• The country is already locked out of International debt markets and is unable to refinance its maturing debt or its current account deficit. The result is an acute shortage of foreign exchange that has led to power outages, shortages of cooking gas, fuel, medicine and other basic necessities.
  • With headline inflation based on CCPI at 18.7% and food inflation at 30.2% as of March 2022, Sri Lankans are seeing the cost of goods spiralling upwards, and the value of their savings diminishing rapidly.
  • Spiralling costs and wage demands are making it difficult to do business in particular for small- and medium-sized firms which are struggling to survive.
  • Long-run policy errors have become concentrated to a point that make daily life very difficult. Most Sri Lankans are now facing more than 10 hours of power cuts, with no end in sight.
  • This discontent is fuelling protests, as the authorities have thus far failed to put forward a credible plan to tackle the economic crisis. The economy is collapsing and people’s livelihoods are being destroyed, the immediate objective should be to stem further collapse.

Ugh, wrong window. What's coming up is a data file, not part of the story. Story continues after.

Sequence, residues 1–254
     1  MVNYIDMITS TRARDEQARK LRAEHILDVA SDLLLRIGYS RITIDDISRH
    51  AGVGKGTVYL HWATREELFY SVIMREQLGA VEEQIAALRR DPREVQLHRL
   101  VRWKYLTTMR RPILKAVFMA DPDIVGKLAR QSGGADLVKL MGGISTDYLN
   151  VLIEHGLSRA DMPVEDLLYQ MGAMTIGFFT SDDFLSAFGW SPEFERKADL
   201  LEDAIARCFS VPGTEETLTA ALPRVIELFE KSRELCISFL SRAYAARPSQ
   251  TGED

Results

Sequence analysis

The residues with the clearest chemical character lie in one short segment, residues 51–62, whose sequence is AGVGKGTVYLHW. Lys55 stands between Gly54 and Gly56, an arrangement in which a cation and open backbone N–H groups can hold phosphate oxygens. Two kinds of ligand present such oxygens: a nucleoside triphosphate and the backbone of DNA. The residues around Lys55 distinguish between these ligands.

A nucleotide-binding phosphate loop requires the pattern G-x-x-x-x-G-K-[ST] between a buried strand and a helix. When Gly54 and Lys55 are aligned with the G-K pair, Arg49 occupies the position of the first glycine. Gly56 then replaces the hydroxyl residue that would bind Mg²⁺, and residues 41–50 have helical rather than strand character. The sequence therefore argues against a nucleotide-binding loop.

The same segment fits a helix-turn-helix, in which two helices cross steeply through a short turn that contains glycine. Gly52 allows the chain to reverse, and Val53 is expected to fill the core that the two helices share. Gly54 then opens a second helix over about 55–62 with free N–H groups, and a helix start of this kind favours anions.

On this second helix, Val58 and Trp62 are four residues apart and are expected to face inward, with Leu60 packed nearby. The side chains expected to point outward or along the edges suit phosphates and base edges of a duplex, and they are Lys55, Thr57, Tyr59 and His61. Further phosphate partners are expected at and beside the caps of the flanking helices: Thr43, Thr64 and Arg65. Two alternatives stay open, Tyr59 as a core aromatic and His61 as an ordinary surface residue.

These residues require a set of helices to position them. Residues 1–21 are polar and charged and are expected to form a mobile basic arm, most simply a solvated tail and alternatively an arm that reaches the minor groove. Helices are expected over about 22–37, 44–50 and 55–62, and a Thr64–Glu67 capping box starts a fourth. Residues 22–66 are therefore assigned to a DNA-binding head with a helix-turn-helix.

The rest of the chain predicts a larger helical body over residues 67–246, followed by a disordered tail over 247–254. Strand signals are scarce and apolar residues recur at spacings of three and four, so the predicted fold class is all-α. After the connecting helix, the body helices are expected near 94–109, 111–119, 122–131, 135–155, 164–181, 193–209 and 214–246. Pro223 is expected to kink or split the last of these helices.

• This document is an attempt to provide an emergency action plan to focus the attention of Parliamentarians, activists, and civil society to take urgent steps to stem the economic decline.
  • The immediate priority is to stop things from getting worse and implementing policy changes that provide stability in the medium term. 
Stop things from getting worse and begin stabilisation
  • Sri Lanka has run out of foreign reserves and its debt is no longer sustainable. All independent analysis point to an inability to meet debt repayments even leading up to the international sovereign bond of $ 1 billion maturing in July 2022.
  • Ill-conceived decisions to use scarce foreign reserves and the overreliance on short-term credit lines such as swaps have caused extreme damage to the domestic economy. This has aggravated the current shortages and pain felt by all Sri Lankans.
  • Sri Lanka also runs the risk of runaway inflation. Immediate action is necessary to stop prices spiralling out of control and to stop the value of the Sri Lankan Rupee diminishing rapidly.
  • The short-term objective is to stop the worsening situation by entering into negotiations with our creditors and building confidence in the currency and the economy overall.
The following actions will help mitigate the situation and must be executed immediately:
  1. Immediately appoint professional financial and legal advisors for debt restructuring: Advisors will commence the external debt restructuring process.